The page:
Mindlinks March 2015

Every month we bring you the latest news from the world of Psychology! Here is my collection of links that I found most exciting the last month. Feel free to add your favorite news in the comment section!


  • Simulating an entire brain in a supercomputer? That sounds a bit sci-fi, doesn’t it? However, this is the aim of the Human Brain Project that has been launched 18 months ago. Since then, many criticisms arose. The mediation committee published a report and calls for changes.
  • Transcranial direct-current stimulation is in its early stages of development. Some researchers hope to use it to improve learning, vigilance, intelligence, and working memory, as well as for treating chronic pain and the symptoms of depression, Parkinson’s, and schizophrenia. There are no conclusive effects. However, experiencing tDCS can be quite adventurous.
  • The cognitive abilities of persons who suffer from dementia are impaired. One of the consequences is a change in personality, but one of the main difficulties is to remember even the simplest things. This is why it is amazing that a dementia patient learned to play saxophone and even outperformed others in his class!
  • Imagine you went through some tough days, full of worries and fear. But suddenly you wake up and experience false happy memories out of the blue. This is exactly what happened to some mice after their brains were manipulated during their sleep.
  • A new technique has been developed that uses magnetic nanoparticles neurons to stimulate neurons. No need for wires and implants! This might be useful for the treatment of many medical conditions such as Parkinson’s Disease.
  • Have you ever interacted with a robot and didn’t like it? Trusting a robot causes discomfort in many of us. Researchers are trying to figure it out. A new study provides insight into some of the reasons

 

NOTE: Image by Arkady Amiragov
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Hanna Lembcke is a third-year student in the International Psychology Bachelor programme in Groningen and takes part in the University’s Honours College. Her interests lie in clinical-, cognitive- and neuropsychology. After finishing her high school degree in Germany, she worked with people with mental disorders and her interest in psychology grew enormously as did the wish to help people in a clinical setting. She became very interested in research during her research internship in the department for cognitive psychology at the RUG. As a student editor of Mindwise, she is eager to make knowledge about psychological research accessible to a broad audience, especially students.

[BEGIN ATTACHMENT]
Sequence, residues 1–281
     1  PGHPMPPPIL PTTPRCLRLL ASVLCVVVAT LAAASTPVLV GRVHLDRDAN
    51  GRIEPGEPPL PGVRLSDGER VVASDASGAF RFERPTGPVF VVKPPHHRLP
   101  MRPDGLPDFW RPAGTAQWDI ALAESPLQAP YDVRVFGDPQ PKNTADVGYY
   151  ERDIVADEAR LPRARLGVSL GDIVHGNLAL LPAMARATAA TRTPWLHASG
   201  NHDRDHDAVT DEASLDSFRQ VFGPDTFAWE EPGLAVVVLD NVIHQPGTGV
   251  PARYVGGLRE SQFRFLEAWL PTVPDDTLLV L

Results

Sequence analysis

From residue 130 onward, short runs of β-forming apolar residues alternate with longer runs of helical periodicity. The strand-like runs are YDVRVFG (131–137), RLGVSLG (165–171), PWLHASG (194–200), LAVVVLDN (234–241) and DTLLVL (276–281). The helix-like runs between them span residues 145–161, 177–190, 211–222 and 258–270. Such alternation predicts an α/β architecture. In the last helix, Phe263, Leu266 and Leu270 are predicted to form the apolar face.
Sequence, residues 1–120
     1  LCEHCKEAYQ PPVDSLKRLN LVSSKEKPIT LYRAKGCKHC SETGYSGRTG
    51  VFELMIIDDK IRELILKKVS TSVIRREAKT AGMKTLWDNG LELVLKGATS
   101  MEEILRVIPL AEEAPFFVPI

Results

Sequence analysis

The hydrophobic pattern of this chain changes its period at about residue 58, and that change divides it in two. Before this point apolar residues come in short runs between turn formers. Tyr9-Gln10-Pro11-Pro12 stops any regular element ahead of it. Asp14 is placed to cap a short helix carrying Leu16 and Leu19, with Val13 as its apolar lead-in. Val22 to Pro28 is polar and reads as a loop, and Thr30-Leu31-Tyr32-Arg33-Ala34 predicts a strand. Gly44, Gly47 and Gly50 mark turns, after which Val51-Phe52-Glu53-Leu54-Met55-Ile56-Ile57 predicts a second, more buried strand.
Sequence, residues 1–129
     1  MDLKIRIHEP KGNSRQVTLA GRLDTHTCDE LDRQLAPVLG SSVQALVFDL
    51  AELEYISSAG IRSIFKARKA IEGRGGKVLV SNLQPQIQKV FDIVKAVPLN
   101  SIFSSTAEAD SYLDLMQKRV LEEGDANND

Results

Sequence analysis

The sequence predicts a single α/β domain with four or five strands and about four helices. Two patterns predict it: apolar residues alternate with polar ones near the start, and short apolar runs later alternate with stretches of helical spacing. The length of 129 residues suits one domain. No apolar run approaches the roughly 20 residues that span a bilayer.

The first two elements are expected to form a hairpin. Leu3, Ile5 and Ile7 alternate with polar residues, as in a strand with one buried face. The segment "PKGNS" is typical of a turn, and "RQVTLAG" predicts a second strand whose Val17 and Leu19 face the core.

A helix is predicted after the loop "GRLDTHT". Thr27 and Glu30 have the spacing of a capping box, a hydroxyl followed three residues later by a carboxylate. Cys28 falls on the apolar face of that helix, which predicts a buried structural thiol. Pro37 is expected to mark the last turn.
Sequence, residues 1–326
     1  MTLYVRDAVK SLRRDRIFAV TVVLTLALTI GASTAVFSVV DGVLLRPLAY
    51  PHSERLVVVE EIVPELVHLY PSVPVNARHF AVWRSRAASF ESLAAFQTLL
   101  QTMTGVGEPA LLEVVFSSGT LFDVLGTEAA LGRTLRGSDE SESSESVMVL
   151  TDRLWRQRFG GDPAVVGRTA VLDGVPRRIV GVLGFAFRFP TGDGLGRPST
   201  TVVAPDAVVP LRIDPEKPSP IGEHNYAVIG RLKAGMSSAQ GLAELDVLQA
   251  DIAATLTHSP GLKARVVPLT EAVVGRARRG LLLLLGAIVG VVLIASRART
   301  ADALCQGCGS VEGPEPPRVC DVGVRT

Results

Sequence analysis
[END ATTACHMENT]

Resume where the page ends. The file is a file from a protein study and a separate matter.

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One comment

  • Marije aan het Rot March 30, 2015  

    Hanna, with this column, are you inviting all Groningen psychology researchers to share their latest publications as well? Here is one on how eating with others may change how you behave towards them: http://www.sciencedirect.com/science/article/pii/S0031938415001523. I mostly liked this study because it made me curious if people with eating disorder diagnoses would behave differently in this context from people without eating disorder diagnoses.

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